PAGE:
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Three Bars (TB) was definitely a legend. Certainly an enigma. He was praised on one hand by those who swore by his breeding, criticized on the other by those who swore at it.
For the first few years of his life, his flaws seemed to far outweigh his apparently few redeeming qualities. Though he would become a stakes-winning racehorse and the most sought-after sire of his time, one early owner was so little pleased that he actually gave the colt away.
But that was still in the future. During the 1930s, James W. Parrish had nearly 30 Thoroughbreds on his farm near Midway, a little town about 15 miles west of Lexington, Kentucky. A banker and fancier of running horses, Parrish's herd included two stallions - Rolled Stocking (TB) and Percentage (TB) - a dozen-odd broodmares and a number of horses in various stages of training.
Read the full story of Three Bars and his most-famous progeny in the detailed report, The Three Bars (TB) Bloodline.
Of the two stallions, Parrish particularly liked Percentage, a tall, sleek 16-year-old who had won 19 races, including several stakes and handicaps, and $42,187. In 1939, Parrish bred Percentage to several of his mares, one of whom was the fleet-footed Myrtle Dee, who held the track record for 5 1/2 furlongs at the old Coney Island Track in Cincinnati.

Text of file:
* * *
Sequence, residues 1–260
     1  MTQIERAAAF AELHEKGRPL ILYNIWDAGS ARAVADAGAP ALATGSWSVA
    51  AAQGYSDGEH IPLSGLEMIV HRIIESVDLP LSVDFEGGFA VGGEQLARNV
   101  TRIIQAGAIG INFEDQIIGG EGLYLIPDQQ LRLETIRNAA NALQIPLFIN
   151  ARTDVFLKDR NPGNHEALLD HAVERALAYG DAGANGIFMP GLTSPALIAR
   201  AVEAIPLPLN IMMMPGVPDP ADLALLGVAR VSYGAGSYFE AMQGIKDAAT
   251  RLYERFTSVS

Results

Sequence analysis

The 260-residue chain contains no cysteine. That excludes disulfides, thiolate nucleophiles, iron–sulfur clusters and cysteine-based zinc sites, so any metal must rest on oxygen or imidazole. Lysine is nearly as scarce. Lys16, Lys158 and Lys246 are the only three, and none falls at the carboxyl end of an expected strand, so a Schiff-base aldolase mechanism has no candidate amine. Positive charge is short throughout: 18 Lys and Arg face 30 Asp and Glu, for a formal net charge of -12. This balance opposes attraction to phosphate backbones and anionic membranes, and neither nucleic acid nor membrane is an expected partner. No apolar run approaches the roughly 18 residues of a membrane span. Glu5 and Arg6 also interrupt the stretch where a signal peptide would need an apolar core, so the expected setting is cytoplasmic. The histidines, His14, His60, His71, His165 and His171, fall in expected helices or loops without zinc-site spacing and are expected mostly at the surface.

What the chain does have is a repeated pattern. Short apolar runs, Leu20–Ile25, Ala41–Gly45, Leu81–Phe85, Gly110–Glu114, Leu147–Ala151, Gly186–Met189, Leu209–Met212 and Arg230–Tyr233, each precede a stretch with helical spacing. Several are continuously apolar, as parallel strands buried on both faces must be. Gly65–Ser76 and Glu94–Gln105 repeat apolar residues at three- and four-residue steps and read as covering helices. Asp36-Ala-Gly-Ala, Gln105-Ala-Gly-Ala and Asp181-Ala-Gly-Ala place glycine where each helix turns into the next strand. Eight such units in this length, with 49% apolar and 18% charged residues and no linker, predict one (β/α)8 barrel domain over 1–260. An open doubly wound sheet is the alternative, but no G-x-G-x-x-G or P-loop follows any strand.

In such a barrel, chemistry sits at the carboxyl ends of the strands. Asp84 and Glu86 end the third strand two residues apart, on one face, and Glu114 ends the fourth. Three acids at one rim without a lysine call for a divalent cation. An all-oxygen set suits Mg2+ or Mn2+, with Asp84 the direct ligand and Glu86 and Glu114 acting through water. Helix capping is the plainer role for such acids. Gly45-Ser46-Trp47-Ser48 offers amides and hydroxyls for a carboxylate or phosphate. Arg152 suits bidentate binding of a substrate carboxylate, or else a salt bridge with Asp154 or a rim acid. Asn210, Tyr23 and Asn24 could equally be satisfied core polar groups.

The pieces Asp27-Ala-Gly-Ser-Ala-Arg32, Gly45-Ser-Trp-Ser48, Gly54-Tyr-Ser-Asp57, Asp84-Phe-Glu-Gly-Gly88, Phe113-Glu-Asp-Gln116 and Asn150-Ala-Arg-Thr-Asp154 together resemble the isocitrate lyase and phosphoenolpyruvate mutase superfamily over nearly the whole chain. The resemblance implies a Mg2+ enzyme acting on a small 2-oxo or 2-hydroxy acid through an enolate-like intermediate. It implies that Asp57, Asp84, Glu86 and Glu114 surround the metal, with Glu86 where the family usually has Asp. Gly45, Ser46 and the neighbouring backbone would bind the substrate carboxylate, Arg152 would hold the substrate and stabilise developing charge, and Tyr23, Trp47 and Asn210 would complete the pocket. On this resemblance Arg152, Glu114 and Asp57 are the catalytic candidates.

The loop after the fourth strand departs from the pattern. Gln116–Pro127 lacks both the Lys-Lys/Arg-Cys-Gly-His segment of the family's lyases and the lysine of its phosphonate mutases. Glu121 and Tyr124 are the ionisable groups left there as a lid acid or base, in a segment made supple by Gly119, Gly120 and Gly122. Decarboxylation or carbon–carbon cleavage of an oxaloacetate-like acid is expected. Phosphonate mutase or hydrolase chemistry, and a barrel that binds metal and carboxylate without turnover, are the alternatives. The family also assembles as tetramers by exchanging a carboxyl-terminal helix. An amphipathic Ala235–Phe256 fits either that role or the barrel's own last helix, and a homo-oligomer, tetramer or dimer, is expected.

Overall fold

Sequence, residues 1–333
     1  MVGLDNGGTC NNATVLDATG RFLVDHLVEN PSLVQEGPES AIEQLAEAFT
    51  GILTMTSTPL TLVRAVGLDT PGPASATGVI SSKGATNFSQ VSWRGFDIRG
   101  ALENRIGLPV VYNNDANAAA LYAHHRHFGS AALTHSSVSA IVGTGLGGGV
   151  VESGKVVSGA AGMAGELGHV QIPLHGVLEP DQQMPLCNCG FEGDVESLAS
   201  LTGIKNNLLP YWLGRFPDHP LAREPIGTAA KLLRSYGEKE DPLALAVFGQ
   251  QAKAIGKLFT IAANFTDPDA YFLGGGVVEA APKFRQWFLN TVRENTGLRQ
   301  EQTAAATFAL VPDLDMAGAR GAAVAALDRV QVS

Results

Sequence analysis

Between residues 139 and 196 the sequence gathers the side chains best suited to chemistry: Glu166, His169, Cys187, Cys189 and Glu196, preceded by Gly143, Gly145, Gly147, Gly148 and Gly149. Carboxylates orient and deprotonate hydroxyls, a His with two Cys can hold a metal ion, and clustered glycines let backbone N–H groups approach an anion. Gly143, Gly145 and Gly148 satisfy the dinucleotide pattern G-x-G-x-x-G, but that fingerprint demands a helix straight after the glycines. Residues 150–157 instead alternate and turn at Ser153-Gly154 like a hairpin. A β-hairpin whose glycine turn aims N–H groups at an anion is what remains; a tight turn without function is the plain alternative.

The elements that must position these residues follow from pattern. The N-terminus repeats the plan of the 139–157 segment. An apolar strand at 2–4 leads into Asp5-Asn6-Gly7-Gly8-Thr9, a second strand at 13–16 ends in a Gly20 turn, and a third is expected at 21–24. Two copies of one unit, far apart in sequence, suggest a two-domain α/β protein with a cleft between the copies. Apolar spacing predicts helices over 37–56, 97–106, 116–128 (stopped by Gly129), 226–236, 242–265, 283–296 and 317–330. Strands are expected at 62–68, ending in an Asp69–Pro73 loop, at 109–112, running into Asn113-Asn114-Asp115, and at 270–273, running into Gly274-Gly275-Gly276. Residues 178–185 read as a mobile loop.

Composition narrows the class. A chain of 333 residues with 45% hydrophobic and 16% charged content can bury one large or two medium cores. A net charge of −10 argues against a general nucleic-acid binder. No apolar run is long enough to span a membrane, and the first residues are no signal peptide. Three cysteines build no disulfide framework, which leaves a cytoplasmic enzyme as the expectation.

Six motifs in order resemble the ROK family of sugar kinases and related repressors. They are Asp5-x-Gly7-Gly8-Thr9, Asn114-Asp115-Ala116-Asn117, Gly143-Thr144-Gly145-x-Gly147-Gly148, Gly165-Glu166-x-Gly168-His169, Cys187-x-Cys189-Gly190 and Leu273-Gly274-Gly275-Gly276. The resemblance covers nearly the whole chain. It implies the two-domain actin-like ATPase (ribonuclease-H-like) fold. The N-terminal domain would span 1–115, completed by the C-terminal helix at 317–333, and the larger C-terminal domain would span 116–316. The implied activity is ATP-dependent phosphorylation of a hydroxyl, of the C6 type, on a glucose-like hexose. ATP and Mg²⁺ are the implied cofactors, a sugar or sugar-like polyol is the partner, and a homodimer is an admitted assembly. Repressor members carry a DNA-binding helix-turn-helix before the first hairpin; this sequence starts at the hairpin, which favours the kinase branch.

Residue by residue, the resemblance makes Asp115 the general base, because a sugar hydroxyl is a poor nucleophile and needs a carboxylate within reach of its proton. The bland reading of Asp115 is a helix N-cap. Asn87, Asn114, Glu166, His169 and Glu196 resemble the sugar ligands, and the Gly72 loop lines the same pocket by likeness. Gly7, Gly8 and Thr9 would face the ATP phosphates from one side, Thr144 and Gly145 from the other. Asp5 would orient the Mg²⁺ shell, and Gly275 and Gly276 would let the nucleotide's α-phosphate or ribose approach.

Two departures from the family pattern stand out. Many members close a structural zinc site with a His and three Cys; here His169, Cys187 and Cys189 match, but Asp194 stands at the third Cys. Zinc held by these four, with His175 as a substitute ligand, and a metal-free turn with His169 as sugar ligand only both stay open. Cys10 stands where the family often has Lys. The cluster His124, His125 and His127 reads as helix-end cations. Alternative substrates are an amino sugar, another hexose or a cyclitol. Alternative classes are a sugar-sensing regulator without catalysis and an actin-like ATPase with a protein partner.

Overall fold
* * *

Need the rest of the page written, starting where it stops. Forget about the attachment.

Parrish, never to see the fruit of that cross, died that fall. His widow, in the course of settling his estate, dispersed the herd the following spring. About two weeks before the sale, Jack Goode, Ned Brent and Bill Talbot offered to buy Myrtle Dee and two other mares in an $800 package deal.
Mrs. Parrish sold them the mares, and several days later, on April 8, 1940, Myrtle Dee foaled her colt. They named him Three Bars in hopes that he'd pay off like a slot machine. In due time, Goode put the young chestnut stallion in training.
"The colt obviously had some speed," Goode said in the September 1957 issue of The Quarter Horse Journal, "but whenever he turned it on, he would come back to the barn with the muscle of a hind leg restricted, and the flesh feeling cold, as if the circulation were cut off. I tried everything, but couldn't overcome the difficulty. We finally sold him to Beckham Stivers for $300, to be paid if Three Bars ever won."
Find out how Three Bars turned a rocky start into a legendary career as a sire. Get AQHA's Three Bars (TB) Bloodline e-book.